If I could use an analogy, the Bose Quiet Comfort 35’s are like that low-key girl that you knew in grade school. She was really sweet, innocent, very smart, and just sort of pleasant. You know who I’m talking about. She was quiet but very warm and friendly. This is how I would describe the QC35’s. They’re just balanced and pleasant sounding. They’re not going to blow you away, but rather they will present the music in an honest and straightforward way.
Build & Style
The build is pretty good here. I’m not overly ecstatic about it, but it gets the job done. The headphones themselves don’t feel like they’re going to break easily, but also don’t feel durable enough to make me want to toss them around or generally be rough with them. It’s somewhere in the middle. Also, the Bluetooth switch is a bit odd; it doesn’t click when you move it to the right or left. It just kind of settles into this weird spot but isn’t really in a fixed position. When you flick it right or left, there’s a green or red indicator letting you know whether it’s on or off.
The comfort of these is unreal. With Bose you kind of expect them to be out of this world comfy, and they are. It doesn’t really even feel like there’s anything on your head. They also didn’t move around on me at all, and the clamp is just right.
Sound-wise, like I said these are very balanced and friendly. They have a nice fast quality about them and aren’t harsh at all. I could probably wear these all day long and never tire of the sound. It’s pretty detailed but does fall short of my highest expectations, especially for teh price. For instance, I’ve heard cheaper audiophile headphones that provide more clarity and subtle detail, to the point where you’re tempted to go back and listen to all of your old music. I just don’t quite get that feeling with the QC35, though I do like the sound a lot.
These are very versatile and work well with a lot of genres.
Mowing yo lawn!
On planes. They’re particularly good for reducing airplane fatigue. Because our bodies don’t like engine rumble and perceive it as a threat, we tend to get worn down after long flights. The QC35’s are perfect for eliminating this problem, enabling us to feel refreshed after getting off of the plane.
They pretty much completely eliminate outside noise with the NC feature. As soon as I put them on, I got this weird vacuum sensation and the surrounding sound dissipated. I had read that for some this can be a bit unnerving and uncomfortable, but for me, it wasn’t.
Apparently, Active Noise Cancellation was invented by Bose. There are small microphones inside the headphones that listen for noise and then eliminate it, leaving you with that vacuum sensation that I talked about.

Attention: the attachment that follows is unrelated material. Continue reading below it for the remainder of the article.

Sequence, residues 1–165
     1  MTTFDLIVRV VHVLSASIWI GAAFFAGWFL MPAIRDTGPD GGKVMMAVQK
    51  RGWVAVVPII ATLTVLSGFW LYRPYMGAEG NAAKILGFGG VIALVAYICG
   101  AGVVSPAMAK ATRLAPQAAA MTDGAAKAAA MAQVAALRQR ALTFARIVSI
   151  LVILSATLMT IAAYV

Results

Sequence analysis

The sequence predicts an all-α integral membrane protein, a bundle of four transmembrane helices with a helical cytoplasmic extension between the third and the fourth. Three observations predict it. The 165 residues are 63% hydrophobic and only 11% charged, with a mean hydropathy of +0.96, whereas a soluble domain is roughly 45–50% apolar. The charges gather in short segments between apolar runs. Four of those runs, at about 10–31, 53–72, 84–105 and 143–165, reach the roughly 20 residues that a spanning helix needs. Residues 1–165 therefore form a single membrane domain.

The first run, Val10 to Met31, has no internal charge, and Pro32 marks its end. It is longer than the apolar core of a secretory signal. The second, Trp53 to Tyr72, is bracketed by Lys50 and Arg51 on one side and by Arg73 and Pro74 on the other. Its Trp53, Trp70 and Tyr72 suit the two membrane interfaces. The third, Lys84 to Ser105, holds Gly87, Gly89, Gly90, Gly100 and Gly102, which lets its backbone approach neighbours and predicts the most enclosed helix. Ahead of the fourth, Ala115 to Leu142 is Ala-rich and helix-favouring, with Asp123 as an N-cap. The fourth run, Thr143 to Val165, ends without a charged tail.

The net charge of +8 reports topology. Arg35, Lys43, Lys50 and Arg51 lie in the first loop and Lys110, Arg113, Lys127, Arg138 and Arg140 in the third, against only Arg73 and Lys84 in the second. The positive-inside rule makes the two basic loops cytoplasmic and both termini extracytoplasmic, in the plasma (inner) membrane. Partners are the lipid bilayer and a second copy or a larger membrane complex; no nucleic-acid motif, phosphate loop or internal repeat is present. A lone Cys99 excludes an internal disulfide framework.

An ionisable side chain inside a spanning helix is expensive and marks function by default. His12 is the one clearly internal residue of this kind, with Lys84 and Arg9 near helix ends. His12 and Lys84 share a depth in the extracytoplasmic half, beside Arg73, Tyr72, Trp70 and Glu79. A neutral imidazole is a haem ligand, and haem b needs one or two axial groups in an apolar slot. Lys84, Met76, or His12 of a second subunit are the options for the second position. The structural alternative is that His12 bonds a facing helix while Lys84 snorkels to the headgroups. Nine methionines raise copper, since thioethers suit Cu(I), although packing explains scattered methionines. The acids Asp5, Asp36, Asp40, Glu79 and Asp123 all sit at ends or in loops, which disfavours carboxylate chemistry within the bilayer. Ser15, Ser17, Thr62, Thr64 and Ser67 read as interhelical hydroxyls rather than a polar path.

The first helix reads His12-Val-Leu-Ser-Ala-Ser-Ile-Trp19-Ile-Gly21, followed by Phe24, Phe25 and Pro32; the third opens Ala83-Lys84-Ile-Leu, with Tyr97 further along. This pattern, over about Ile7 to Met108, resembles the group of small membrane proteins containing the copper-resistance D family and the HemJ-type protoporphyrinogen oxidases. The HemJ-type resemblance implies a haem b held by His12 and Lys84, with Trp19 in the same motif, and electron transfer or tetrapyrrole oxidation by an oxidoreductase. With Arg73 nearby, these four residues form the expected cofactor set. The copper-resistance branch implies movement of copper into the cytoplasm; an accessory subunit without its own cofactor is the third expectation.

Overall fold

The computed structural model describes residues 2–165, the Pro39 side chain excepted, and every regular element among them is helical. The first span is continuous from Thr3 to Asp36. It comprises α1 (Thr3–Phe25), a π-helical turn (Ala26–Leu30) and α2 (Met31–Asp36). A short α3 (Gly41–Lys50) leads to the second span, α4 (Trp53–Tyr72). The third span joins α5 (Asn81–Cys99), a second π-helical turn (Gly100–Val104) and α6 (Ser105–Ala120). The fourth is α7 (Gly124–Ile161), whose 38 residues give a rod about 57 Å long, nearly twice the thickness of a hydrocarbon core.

They work with any device that supports Bluetooth. I was able to use them with my Android.
They take around 2 hours to fully charge from a dead state.
Accessories include Headphones, a Hard zippered case, 1-foot (30cm) USB cable, but no USB wall-power adapter, 4-foot straight audio cable (2.5mm plug for headphones and 3.5mm plug for your player), Airplane dual-plug adapter, and two different multi-language instruction sheets to cover different languages.
The sound on these is good, but I noticed some slightly fuzzy distortion on certain songs. This could have simply been a matter of the source file though.
The ear-cups on these fold in, allowing you to lay them flat. Other than that, the range of motion is a bit limited, although it’s not really a complaint of mine.
The ones I listened with had a bit of trouble staying paired with my Android phone. Just something to keep in mind.
The USB charging cord allows you to charge these instead of having to replace an internal AAA battery. A definite upgrade from the QC25.
The Noise Cancellation doesn’t work in wired mode when the battery is dead.
The headphone jack is 2.5mm instead of the standard 3.5.
Instead of track skipping buttons, you to push the play button twice or more to move on to the next song.
An extremely comfortable set of headphones with a balanced, non-intimidating sound signature. These are the type of headphones that you’ll want to kick back and relax with, as they’re not intense and will not cause fatigue.
If you’re in the market for a Noise-cancelling pair of headphones and value extreme comfort and good sound, I think these are a viable solution. Are they worth the asking price?
Stu is determined to help you make sound decisions, and strives to deliver the best and most in depth content on the internet! In his spare time, he likes to fish, paint, play guitar, pray, rap, make beats, take photos, record videos, graphic design, and more. His sense of humour, coupled with a knack for excellence and strict attention to detail are what allow him to stand out in an crowded industry.